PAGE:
While consumer loans may be readily available, how do you get them cheap? Mel Gerard Carvill, Non-Executive Director and Member of the Board, Home Credit NV, talks to Business Today in detail about what to consider when applying for a loan.
BT: How to obtain a loan at the cheapest rate?
Email: The first thing to say that unfortunately the poor end up paying a higher interest rate, how can they get a lower interest rate? Well, there are a number of big systemic things. And then there are a number of things people can do individually.
So in terms of the systemic elements, the first and probably the most important is to have a very good credit reporting infrastructure. And by that, I mean that everyone who lends people money submits data to the office. If you have a really good credit bureau infrastructure, that means when people come in to lend, you have a really good set of data to work from. Because you know exactly what the risk is, if you don’t know the risk, you end up saying well, you have to assume the worst, and pay a higher price.
The second systemic thing is that you get cheap financing for loan companies. Many loans are made by banks and non-banks, banks use deposits. But for other non-banks, they have to obtain financing on the wholesale market which can reach 12 to 13%. If you could reduce that, they could lend the money at a cheaper rate.
BT: How do you compare loans from really different providers?
Email: So if you have a very good law that says you have to use in all advertising one type of interest rate, the APR, then you can make that comparison. But if that’s not the case, it’s quite difficult, because someone could say that an interest rate is 12%. Someone else says 10%. While in reality the 10% is more expensive, because they calculated in a strange or not very honest way. So, as a consumer, you have to be very careful when determining what the interest rate is. And are there any other payments? Do you have to pay extra?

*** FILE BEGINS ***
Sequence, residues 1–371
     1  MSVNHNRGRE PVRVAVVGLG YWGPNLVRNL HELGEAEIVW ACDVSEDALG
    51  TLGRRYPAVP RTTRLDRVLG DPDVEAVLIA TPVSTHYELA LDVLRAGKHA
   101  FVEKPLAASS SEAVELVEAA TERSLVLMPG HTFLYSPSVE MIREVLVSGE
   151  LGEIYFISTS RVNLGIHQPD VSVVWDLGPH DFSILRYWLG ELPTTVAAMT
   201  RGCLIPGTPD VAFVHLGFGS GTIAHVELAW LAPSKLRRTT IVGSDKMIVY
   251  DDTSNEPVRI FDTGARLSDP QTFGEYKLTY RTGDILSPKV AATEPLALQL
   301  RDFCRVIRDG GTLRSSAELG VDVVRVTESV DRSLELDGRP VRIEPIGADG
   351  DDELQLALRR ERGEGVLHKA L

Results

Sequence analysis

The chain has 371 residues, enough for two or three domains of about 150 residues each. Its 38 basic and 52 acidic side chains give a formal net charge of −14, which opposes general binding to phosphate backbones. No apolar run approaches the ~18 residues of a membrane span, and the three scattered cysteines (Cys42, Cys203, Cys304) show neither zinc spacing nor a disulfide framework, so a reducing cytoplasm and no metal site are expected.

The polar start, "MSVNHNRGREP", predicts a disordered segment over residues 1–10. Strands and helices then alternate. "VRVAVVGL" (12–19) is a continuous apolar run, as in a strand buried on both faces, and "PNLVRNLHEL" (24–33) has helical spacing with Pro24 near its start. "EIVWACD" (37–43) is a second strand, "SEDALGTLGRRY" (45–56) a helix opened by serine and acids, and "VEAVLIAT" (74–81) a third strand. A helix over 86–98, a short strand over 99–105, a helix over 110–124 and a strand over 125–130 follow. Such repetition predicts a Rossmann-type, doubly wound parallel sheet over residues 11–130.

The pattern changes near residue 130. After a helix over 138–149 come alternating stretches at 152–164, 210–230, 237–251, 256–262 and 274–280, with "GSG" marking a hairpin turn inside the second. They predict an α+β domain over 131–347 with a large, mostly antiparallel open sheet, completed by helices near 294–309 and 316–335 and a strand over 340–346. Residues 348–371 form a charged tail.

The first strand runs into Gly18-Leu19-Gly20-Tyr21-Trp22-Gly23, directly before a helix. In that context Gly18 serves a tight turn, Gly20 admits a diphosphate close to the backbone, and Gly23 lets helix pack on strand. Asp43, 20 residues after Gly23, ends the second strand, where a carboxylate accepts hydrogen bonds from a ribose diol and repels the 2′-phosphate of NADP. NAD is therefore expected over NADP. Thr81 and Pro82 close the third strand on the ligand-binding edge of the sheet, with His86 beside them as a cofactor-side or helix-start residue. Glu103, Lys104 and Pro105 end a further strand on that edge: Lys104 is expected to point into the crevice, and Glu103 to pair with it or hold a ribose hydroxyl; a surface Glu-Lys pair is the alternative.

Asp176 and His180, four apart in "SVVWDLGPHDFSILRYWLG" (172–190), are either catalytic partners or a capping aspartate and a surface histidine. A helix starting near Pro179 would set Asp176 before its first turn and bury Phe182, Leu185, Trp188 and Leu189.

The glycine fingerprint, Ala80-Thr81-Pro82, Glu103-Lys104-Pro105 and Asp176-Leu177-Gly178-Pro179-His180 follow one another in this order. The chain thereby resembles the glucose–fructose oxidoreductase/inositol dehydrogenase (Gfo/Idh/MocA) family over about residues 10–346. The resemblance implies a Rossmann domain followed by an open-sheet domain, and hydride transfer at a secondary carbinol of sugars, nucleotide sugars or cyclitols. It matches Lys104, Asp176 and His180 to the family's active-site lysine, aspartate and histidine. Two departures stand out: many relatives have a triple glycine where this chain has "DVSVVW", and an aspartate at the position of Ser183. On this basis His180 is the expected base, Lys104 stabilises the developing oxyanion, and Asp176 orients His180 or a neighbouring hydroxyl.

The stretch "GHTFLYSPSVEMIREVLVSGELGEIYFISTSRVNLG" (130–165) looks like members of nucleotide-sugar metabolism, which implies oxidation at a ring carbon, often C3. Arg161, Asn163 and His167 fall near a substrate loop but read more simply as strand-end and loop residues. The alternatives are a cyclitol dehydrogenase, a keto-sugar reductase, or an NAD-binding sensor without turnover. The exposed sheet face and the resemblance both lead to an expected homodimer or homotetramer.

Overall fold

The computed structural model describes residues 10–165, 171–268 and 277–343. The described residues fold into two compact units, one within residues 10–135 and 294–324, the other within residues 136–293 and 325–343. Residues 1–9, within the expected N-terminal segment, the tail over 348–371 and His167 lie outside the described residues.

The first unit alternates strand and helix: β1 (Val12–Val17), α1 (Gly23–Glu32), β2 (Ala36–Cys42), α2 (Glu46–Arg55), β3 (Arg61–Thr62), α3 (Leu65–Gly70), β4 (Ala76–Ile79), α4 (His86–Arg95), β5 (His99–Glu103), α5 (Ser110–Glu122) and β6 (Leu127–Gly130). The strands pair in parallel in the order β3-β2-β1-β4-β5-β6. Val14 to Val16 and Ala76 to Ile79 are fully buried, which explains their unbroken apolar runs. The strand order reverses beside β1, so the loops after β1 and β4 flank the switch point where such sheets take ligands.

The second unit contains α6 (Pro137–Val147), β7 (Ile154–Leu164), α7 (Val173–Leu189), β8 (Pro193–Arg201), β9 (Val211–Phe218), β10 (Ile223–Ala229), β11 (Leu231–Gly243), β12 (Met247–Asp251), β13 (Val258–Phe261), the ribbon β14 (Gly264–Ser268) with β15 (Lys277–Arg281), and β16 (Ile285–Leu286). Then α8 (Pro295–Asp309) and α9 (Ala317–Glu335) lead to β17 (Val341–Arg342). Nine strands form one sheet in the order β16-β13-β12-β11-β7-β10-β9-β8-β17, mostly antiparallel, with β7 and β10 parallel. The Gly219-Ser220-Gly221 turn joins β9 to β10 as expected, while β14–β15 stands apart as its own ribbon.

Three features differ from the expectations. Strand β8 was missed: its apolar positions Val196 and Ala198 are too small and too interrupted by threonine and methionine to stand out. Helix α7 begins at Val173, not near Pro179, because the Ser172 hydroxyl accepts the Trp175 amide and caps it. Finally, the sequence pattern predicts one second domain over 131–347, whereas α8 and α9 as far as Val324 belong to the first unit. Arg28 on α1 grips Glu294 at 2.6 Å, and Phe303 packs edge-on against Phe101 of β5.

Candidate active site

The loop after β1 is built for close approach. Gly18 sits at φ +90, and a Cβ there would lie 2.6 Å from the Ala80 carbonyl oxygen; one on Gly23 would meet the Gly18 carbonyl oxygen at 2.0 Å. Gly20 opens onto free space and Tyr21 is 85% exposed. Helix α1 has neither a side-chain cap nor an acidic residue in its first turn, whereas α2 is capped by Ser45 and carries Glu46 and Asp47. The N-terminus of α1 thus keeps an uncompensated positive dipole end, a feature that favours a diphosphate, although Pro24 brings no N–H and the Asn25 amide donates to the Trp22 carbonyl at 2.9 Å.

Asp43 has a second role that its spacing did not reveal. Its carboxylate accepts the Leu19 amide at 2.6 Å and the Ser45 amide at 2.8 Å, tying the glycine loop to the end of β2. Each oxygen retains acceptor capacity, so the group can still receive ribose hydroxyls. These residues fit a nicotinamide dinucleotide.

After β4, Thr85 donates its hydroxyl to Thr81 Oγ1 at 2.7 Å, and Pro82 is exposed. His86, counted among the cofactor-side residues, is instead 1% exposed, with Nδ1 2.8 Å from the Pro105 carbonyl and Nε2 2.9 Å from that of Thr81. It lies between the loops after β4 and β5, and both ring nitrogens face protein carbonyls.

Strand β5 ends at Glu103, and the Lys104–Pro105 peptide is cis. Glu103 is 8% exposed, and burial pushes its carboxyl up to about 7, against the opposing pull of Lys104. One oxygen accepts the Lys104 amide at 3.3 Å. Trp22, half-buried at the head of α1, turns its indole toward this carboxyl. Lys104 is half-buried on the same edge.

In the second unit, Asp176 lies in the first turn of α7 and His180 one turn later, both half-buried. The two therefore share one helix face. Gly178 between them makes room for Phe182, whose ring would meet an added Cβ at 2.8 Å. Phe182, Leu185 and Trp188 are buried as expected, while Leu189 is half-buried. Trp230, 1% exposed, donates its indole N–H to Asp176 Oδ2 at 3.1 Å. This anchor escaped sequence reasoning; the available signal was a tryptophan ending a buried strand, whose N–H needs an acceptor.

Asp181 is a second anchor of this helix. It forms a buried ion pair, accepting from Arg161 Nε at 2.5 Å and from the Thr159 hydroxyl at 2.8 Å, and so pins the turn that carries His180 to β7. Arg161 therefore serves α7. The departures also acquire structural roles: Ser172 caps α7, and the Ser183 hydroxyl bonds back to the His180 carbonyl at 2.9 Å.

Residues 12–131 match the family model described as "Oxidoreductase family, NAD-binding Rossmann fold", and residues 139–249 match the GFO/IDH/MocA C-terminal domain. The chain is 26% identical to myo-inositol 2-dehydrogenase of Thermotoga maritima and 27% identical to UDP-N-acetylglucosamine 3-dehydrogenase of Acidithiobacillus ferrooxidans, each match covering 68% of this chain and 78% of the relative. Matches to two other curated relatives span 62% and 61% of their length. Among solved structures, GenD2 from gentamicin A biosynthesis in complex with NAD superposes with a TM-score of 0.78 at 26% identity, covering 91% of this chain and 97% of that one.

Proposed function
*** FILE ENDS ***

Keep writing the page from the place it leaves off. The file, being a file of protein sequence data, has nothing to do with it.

There is another protection, which is quite important. We have it in our products, because it’s a European requirement, there’s something called a cooling-off period. But it gives you a certain number of days to change your mind.
BT: Is the rise in interest rates a concern?
Email: After COVID, we had inflation anyway, it was accelerated by the war in Ukraine, as energy prices exploded and food prices increased. And the end result is that central banks raise interest rates in an attempt to curb inflation. And that means the cost of borrowing for core industry is going up. And so for businesses like ours, we might get a bit more revenue. But we could also have more non-performing loans. We have to be careful because higher interest rates can make it harder for people to repay. And also, the other thing that has to do with high interest rates, of course, is the risk of recession. If you have a recession, people are laid off and they can’t repay their loans.
BT: How is India doing in terms of regulation?
Email: Regulation has two purposes, there is the kind of prudential regulation to ensure that companies do not go bankrupt. But in this case, the most important regulation is market regulation, make sure people are fully informed. Do they have all the information they need to make the right decision? Is there a law that requires companies to disclose all information? Is there a law requiring businesses to assess affordability? And so, in other words, are these companies regulated to ensure that consumers are treated fairly.
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